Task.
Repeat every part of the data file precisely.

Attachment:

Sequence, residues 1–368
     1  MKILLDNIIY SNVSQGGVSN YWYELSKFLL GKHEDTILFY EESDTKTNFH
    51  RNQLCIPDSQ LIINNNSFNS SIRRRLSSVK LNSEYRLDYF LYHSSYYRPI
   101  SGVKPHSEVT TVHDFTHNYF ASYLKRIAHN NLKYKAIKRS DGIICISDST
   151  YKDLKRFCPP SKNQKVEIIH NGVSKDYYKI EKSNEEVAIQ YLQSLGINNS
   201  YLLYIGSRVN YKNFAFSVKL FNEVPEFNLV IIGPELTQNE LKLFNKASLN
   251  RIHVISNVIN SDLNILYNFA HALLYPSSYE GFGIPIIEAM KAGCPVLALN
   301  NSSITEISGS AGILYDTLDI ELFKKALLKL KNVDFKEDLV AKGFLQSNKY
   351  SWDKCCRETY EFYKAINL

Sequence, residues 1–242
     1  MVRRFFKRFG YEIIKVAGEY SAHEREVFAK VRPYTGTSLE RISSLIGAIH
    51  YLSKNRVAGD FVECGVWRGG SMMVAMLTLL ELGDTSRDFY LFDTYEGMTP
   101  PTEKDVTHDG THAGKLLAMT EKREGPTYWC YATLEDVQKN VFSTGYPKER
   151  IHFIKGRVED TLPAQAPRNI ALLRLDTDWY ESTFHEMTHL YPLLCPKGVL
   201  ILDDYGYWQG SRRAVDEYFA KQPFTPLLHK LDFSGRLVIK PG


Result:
Sequence, residues 1–368
     1  MKILLDNIIY SNVSQGGVSN YWYELSKFLL GKHEDTILFY EESDTKTNFH
    51  RNQLCIPDSQ LIINNNSFNS SIRRRLSSVK LNSEYRLDYF LYHSSYYRPI
   101  SGVKPHSEVT TVHDFTHNYF ASYLKRIAHN NLKYKAIKRS DGIICISDST
   151  YKDLKRFCPP SKNQKVEIIH NGVSKDYYKI EKSNEEVAIQ YLQSLGINNS
   201  YLLYIGSRVN YKNFAFSVKL FNEVPEFNLV IIGPELTQNE LKLFNKASLN
   251  RIHVISNVIN SDLNILYNFA HALLYPSSYE GFGIPIIEAM KAGCPVLALN
   301  NSSITEISGS AGILYDTLDI ELFKKALLKL KNVDFKEDLV AKGFLQSNKY
   351  SWDKCCRETY EFYKAINL

Sequence, residues 1–242
     1  MVRRFFKRFG YEIIKVAGEY SAHEREVFAK VRPYTGTSLE RISSLIGAIH
    51  YLSKNRVAGD FVECGVWRGG SMMVAMLTLL ELGDTSRDFY LFDTYEGMTP
   101  PTEKDVTHDG THAGKLLAMT EKREGPTYWC YATLEDVQKN VFSTGYPKER
   151  IHFIKGRVED TLPAQAPRNI ALLRLDTDWY ESTFHEMTHL YPLLCPKGVL
   201  ILDDYGYWQG SRRAVDEYFA KQPFTPLLHK LDFSGRLVIK PG